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Senate HELP Committee to Hone EHR Use, Interoperability Laws

In an upcoming meeting, the Senate HELP committee will mark-up legislation that improves EHR use and interoperability to advance the 21st Century Cures Act and Precision Medicine Initiative.

By Jacqueline LaPointe

On April 6, the Senate Committee on Health, Education, Labor, & Pensions (HELP) will meet in the third and final executive session to mark up five bipartisan biomedical innovation bills that advance interoperability, EHR use, and health information exchange.

Through the innovation meeting, the HELP committee is attempting to support complementary healthcare IT initiatives, such as the House’s 21st Century Cures Act and the Obama Administration’s Precision Medicine Initiative.

The series of meetings is part of the #Innovation2016 program. The initiative is designed to pass legislation related to health IT interoperability and EHR use.

The bills build off of a section of the 21st Century Cures Act that calls for secure transfer of health information, complete access to health data, and the elimination of information blocking.

Senators also hope to develop legislation that promotes precision medicine research, such as the creation of a cohort of EHR data.

 “This year, the most important opportunity that everybody wants to take advantage of is this remarkable scientific opportunity in biomedical research,” said Senator Lamar Alexander (R-TN), Chairman of the HELP committee, in a recent press release. “It offers the promise of help for virtually every American. And I believe if we would succeed, it will be the most important piece of legislation signed into law this year.”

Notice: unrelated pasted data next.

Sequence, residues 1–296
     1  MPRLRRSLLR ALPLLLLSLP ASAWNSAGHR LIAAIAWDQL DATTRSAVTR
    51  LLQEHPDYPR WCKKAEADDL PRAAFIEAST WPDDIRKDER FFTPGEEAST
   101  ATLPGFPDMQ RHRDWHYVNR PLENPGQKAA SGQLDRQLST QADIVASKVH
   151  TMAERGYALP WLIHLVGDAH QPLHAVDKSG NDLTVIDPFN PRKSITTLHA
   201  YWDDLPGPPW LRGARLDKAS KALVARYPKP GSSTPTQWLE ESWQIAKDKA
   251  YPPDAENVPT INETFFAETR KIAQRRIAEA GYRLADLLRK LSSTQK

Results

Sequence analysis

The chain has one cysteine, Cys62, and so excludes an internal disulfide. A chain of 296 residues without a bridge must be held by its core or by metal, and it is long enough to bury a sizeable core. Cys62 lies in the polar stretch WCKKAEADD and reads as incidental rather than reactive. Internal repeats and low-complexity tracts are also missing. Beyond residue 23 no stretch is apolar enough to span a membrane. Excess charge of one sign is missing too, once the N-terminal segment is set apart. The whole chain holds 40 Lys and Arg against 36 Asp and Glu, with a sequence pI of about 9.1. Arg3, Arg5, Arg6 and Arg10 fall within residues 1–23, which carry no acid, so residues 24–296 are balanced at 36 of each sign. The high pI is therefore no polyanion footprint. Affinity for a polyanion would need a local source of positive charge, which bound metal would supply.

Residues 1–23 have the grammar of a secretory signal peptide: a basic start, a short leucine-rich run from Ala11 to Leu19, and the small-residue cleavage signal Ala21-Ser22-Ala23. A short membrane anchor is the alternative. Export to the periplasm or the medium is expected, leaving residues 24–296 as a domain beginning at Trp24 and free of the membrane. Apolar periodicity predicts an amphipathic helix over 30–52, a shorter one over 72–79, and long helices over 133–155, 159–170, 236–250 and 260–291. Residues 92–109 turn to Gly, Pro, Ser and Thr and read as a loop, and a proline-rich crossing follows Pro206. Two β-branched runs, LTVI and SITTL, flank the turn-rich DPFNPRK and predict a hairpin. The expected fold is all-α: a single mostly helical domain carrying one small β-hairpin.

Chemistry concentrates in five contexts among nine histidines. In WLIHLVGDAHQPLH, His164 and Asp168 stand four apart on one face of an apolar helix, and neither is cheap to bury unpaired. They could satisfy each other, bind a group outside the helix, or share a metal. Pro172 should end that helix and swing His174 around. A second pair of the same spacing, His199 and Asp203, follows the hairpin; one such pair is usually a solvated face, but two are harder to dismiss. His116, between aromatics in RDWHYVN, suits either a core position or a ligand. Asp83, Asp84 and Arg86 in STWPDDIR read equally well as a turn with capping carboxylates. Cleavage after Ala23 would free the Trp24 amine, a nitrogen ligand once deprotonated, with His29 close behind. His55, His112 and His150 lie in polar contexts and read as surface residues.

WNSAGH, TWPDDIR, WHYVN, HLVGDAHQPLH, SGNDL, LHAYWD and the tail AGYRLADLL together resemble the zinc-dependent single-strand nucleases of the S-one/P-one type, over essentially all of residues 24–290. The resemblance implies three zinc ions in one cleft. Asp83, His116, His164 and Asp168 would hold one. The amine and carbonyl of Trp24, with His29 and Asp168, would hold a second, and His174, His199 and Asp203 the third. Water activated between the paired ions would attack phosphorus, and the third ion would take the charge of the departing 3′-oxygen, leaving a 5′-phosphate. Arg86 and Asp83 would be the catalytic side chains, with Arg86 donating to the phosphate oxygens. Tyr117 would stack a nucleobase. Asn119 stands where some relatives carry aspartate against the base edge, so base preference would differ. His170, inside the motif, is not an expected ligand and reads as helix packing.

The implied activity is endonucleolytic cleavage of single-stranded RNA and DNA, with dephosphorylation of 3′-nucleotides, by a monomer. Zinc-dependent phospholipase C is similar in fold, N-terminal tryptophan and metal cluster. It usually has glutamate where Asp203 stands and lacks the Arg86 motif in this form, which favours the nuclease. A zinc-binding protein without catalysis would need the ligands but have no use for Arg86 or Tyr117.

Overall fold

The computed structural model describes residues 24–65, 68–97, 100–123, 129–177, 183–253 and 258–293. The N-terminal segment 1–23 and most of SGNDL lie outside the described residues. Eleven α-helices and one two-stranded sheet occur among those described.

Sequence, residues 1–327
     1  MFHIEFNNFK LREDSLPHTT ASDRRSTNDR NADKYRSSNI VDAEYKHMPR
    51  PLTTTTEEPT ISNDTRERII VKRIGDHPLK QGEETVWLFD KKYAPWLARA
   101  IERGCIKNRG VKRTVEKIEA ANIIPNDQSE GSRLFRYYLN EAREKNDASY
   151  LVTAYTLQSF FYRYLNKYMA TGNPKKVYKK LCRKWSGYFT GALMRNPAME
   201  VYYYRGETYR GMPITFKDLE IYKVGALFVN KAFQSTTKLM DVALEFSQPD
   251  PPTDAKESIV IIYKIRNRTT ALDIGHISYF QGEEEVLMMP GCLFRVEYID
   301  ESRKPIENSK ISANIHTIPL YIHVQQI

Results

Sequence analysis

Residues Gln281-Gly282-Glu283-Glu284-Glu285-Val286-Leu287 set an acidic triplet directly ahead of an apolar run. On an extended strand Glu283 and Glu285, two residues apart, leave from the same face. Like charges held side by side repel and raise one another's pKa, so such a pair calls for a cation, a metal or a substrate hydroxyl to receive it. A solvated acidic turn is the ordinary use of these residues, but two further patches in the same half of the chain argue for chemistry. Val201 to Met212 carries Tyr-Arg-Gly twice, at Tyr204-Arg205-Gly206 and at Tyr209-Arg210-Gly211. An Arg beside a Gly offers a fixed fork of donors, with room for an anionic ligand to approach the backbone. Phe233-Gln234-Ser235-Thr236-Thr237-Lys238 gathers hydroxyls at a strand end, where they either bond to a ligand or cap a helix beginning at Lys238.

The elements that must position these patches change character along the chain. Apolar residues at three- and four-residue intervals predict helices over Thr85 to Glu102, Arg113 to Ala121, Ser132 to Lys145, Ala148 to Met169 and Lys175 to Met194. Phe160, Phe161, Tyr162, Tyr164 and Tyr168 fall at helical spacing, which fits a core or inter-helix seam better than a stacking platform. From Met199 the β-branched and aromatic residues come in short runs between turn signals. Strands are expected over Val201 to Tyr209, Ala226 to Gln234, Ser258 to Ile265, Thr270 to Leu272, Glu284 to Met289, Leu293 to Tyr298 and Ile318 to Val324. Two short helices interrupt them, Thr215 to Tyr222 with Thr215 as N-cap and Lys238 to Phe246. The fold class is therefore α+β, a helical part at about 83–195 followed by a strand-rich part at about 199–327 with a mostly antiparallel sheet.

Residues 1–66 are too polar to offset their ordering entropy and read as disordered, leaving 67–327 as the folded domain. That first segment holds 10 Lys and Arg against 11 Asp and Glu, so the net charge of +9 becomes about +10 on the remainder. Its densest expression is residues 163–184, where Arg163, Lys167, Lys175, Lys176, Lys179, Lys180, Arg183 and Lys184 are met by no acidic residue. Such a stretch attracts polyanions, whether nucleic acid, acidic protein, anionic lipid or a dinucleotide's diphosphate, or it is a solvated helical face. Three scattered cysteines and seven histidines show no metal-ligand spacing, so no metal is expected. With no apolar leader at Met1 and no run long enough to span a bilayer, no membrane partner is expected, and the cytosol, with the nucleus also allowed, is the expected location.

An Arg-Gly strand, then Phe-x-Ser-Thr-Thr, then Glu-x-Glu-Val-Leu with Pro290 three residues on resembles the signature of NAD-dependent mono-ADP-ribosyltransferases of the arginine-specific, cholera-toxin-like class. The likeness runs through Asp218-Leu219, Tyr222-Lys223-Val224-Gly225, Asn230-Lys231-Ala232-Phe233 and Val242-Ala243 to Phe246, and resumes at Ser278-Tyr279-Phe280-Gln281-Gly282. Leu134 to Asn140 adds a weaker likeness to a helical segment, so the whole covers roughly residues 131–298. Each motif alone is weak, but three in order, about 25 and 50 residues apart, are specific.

“I do not know of another way this year to get support for the president’s Precision Medicine Initiative or support for the cancer ‘moonshot’ or a surge for mandatory funding for the National Institutes of Health, unless we act on his bill.”

The HELP Committee has already passed a total of 14 bipartisan bills to complement the 21st Century Cures Act and modernize the Food and Drug Administration. Many of the bills focused on developing and managing EHR interoperability and accessing EHR information.

Other bills have concentrated on rare disease treatments, medical devices (e.g. Apple watches and Fitbits), and population health management.

Senator Alexander noted that the final meeting will dedicate time to discuss the funding for the National Institutes of Health. He suggested an agreement to increase short-term mandatory funding to foster high-priority research projects, such as the Cancer Moonshot and the Precision Medicine Initiative.

“Because of our budget deficit, we need to fund that new surge in mandatory funding by reducing existing mandatory funding,” said Senator Alexander. “I pledge to work with Senator Murray and other members of the committee to try to achieve a bipartisan consensus that will arrive on the floor at the same time as this innovation package does… And I look forward to doing it promptly so we can hand to Senator McConnell a conclusion to the Innovation bill and on the surge of funding for NIH through mandatory funding in a bipartisan way, so he can put it on the floor.”

The complete list of bills scheduled for consideration is as follows:

• FDA and NIH Workforce Authorities Modernization Act (S.2700), by Senators Lamar Alexander (R-TN) and Patty Murray (D-WA)

• Promise for Antibiotics and Therapeutics for Health Acts (S.185), by Senators Orrin Hatch (r-UT) and Michael Bennett (D-CO)

• Advancing Precision Medicine Act of 2016 (S.2713), by Senators Lamar Alexander (R-TN) and Patty Murray (D-WA)               

• NIH Strategic Plan and Inclusion in Clinical Research, by Senators Susan Collins (R-ME), Elizabeth Warren (D-MA), Mark Kirk (R-IL), Tammy Baldwin (D-WI), Lamar Alexander (R-TN), and Patty Murray (D-WA)

•Promoting Biomedical Research and Public Health for Patients Act, by Senators Lamar Alexander (R-TN) and Patty Murray (D-WA)

The meeting will be held on Wednesday, April 6 at 10 AM Eastern Time. It can be streamed here.




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